Problem solving is a crucial piece to learning, and is integral to every strand of math education. Developing problem solving skills should start at a very young age. Though Tiffany is not yet in school, she is learning how to solve problems every day. Doing things like opening up a box, expressing what she wants or finding a lost toy develop problem solving skills. It is important to let Tiffany work through these problems on her own, so she builds the confidence she needs to solve more complex problems as she encounters them. It is good practice for Tiffany to receive two-step directions, like “brush your teeth and put the toothpaste in the drawer”. At this age, Tiffany may need some reminding, but she should be able to follow these directions, and they will encourage positive development of problem solving. Another aspect of problem solving at this age is an understanding of rewards and consequences of actions. Consistency in these will promote awareness and understanding of cause and effect.
As Tiffany starts school and develops her concrete math skills, she should also be developing her problem solving abilities. Learning math vocabulary is essential for figuring out problems. The development of reading and problem solving are intrinsically related at this stage. Word problems, as they become more common with reading and vocabulary fluency, promote problem solving because they do not provide algorithms or formulas but push the students to figure out what tools to use. Playing games like checkers and tic-tac-toe will help Tiffany think deductively and critically, not just knowing her next move but also thinking of her opponent’s moves. With her brain developing so rapidly, it is crucial that Tiffany develop strong problem solving skills, not only for her mathematical success, but for her accomplishment and confidence in all Areas of her life. The National Council of Teachers of Mathematics points out in the “Curriculum and Evaluation Standards” that “students need to view themselves as capable of using their growing mathematical knowledge to make sense of new problem situations in the world around them” (1989, p. ix)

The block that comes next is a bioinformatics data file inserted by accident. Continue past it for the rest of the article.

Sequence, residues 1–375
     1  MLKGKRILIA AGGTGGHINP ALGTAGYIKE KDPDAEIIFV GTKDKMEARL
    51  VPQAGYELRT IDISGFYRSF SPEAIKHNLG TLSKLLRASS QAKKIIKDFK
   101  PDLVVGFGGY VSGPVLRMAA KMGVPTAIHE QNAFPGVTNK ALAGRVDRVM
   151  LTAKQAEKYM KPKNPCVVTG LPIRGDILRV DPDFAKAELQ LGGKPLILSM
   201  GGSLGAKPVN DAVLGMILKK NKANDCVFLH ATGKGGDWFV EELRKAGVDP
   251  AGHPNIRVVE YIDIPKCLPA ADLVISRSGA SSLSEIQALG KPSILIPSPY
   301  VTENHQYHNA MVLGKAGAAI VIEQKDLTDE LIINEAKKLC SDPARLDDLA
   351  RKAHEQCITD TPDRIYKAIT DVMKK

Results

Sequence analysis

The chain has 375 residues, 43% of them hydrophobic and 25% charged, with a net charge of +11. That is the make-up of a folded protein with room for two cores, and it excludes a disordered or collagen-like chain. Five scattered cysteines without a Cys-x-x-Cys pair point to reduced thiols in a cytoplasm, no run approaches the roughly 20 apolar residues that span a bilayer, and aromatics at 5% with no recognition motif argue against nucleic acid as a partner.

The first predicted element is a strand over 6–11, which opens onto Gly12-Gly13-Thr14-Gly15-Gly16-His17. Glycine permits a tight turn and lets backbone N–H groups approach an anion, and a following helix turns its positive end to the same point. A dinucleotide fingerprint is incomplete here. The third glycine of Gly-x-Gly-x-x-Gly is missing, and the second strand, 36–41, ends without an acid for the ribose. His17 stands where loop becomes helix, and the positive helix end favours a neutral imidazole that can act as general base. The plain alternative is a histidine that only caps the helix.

At the end of 2nd grade, Tiffany should be able to solve this problem:
I am thinking of a number. My number has 3 digits. It is between 110 and 130. The sum of its digits is 9. My number is even. What is my number?
As Tiffany strengthens her reading and comprehension skills, mathematical word problems can include more steps and become more complex to encourage multi-step solutions. Reading and math problem solving are intertwined, and it will likely become obvious which of Tiffany’s math classmates are struggling with reading. These students might be able to easily solve a visual problem like a game, but when the same problem is presented as a story or word problem, they may flounder. It is helpful for these students to be able to represent the problem visually before trying to solve it. Word problems should focus on problem solving skills like working backwards, portraying the problem as a picture or graph, and approaching the simple steps first. Games like Mancala or Connect 4 are a good way to exercise Tiffany’s ability to develop game strategies. Her ability to think more deeply and view the “whole” to apply parts is key to solving problems.